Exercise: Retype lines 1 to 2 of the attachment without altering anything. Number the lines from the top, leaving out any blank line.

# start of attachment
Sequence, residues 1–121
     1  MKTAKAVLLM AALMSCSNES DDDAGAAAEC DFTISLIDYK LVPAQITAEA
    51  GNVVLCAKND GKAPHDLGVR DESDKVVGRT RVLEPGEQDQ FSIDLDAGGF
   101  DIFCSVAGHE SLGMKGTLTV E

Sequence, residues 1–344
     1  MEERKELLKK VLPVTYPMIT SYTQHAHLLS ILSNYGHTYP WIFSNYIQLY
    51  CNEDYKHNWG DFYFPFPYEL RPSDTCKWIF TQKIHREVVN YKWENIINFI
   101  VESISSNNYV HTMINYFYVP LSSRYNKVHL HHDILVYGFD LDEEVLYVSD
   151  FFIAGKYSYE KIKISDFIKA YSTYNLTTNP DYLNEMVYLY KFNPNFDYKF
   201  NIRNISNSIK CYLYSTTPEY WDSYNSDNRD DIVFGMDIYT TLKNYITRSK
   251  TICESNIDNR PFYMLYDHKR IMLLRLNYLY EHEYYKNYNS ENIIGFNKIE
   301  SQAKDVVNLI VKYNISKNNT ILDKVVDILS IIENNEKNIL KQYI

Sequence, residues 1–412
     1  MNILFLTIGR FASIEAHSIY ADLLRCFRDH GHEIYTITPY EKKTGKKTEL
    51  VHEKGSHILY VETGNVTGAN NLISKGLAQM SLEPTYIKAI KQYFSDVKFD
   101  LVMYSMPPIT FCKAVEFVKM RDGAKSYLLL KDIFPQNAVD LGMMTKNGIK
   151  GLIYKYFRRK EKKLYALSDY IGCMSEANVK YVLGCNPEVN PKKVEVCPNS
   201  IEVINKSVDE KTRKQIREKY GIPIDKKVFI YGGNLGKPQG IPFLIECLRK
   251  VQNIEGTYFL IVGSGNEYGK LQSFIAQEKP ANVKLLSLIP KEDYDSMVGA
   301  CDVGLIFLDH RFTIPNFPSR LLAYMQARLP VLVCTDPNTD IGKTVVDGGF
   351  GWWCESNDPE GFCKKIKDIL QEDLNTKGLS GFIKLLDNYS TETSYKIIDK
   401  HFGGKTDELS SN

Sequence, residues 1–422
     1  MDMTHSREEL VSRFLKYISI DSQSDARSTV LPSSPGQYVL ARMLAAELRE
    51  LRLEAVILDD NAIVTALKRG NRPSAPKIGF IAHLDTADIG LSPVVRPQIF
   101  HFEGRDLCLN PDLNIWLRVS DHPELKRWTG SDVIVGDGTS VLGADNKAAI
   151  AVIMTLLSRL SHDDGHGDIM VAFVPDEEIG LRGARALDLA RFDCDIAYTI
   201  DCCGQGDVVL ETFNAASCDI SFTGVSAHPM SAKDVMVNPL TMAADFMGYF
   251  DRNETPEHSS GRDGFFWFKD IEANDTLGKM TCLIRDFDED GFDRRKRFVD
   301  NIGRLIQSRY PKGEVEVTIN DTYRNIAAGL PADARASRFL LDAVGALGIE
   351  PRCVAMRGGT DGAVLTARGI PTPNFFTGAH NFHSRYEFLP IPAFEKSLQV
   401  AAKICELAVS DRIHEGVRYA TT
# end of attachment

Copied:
Sequence, residues 1–121
     1  MKTAKAVLLM AALMSCSNES DDDAGAAAEC DFTISLIDYK LVPAQITAEA